Food Safety Magazine

TESTING | June/July 2011

Microbial Detection – Taking It to the Limits

By Margaret D. Hardin, Ph. D.

Microbial Detection – Taking It to the Limits

As the food industry increases the demand for more and more testing, whether it is for customers, regulators or for self-monitoring, the concept of detection becomes more and more important. Testing often includes food product testing and environmental monitoring for pathogens, indicators and/or spoilage organisms. During a recent visit to a small processor, the owner of the company asked several questions about a laboratory report they had just received from their third-party testing laboratory.

The questions included the following: What does less than 10 coliforms mean and why is it less than 10 coliforms in one sample and less than three coliforms in another? What is the difference between a result of less than 10 and a negative result? Why are some results (for pathogens) negative in 25 g and other results negative in 375 g? The concerns this processor expressed all lead back to the products (matrix) being tested, how much product was in the sample (10, 25 or 375 g), how many organisms were present in the sample, as well as what detection method was used, what was it detecting and how much could it detect? For the sake of discussion here, microbial detection will be defined as the ability to recover and discover or determine the existence or presence of microorganisms.

Detection Methodology
Since microorganisms are so very small, the detection of their presence in a food sample is challenging at best, even when present at levels in the thousands to millions of cells per gram or milliliter of a food product or rinsate or on an equipment surface. The detection and quantification of microorganisms in food and food processing begins with the ability of the method to move (or remove) the microbes from the food (or surface) to the detection system. The methods by which microorganisms are removed or detached from a food or surface are quite varied. Taking a sample from a food product or surface may be accomplished by swabbing or sponging a food or food equipment surface, excising a thin layer of food product surface or rinsing the food product or piece of equipment in or with a buffered diluent. Frequently used methods for removing (detaching) microbes from food product or swab samples include blending, stomaching (or macerating) and rinsing. Whichever method is used for sampling and detaching microorganisms, it is important to remember that this generally represents only a fraction of the actual level present. Besides the ability of any method to fully detach or remove microbes from a sample, additional questions arise as to what happens to the organisms as the sample is shaken, stomached or blended. Do the microbes reattach to other portions of the food sample or are they driven more deeply into the sample or into a sampling sponge or swab during this mechanical action of shaking, blending or stomaching?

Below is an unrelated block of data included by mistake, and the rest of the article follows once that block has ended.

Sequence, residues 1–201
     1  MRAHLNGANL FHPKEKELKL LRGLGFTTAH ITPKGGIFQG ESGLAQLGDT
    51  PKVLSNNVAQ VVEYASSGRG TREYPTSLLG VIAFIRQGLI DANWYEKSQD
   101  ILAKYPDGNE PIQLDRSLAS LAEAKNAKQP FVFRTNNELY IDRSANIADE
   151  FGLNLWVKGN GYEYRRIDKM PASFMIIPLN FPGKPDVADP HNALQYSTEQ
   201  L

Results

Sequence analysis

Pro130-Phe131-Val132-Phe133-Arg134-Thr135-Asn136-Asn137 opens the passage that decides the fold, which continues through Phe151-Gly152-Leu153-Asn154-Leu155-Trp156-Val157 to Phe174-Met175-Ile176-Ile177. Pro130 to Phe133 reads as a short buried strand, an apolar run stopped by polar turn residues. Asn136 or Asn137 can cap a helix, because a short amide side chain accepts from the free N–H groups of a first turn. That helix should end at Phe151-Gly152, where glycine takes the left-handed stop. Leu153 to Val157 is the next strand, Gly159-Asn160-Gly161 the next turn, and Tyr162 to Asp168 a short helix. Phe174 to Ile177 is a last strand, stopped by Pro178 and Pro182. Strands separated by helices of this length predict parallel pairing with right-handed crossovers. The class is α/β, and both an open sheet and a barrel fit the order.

Another consideration is the dilution effect of the extraction method. For instance, when taking an excise surface sample, is the sample taken at 1–2 mm or 10 mm deep? If the microbes are expected to be on the surface, then minimizing the depth of the sample (unless it is a very irregular surface) and maximizing the surface area is important to reduce the amount of food material that is unlikely to contain the organisms of concern and is likely to dilute the sample with additional food product. If the surface is rinsed or diluted to facilitate blending or stomaching, the amount of diluent (100, 250 or 2,000 ml) must be balanced with the size of the sample and the expected effect of the dilution (sample to diluent ratio 1:1; 1:5; 1:10, etc.) on recovery and detection of microbes in the final sample. These are important factors to consider when validating methods, evaluating a new method or changing methods, as the performance of the method is also a reflection of the sampling and extraction technique. If a sample is shipped to the laboratory performing the analysis, storage and transportation of the sample must also be taken into consideration to limit their effects on the organisms(s), food product and final results. This includes factors such as sample transport media, product temperature and time in route.

The laboratory methods used in food microbiology include qualitative presence/absence tests often used for pathogen detection or indicators of the presence of end products or byproducts of chemical or biochemical reactions, and quantitative tests used for enumeration of viable cells. Historically, detection of microorganisms in foods has ranged from more traditional methods, as simple as focusing on a microorganism in a microscope (direct microscopic count) or extracting cells from the food to identify or quantify by culturing and growing organisms on culture media and using phenotypic characteristics or byproducts to identify the organisms, to more recent technologies that focus on the extraction of cellular components of a particular organism, such as DNA or RNA, and amplification to detectable levels. Traditional methods for the detection, identification and enumeration of microorganisms in foods and the food environment depend on the use of appropriate pre-enrichment, enrichment and culture media that may suppress background flora and thereby allow the target organisms to thrive.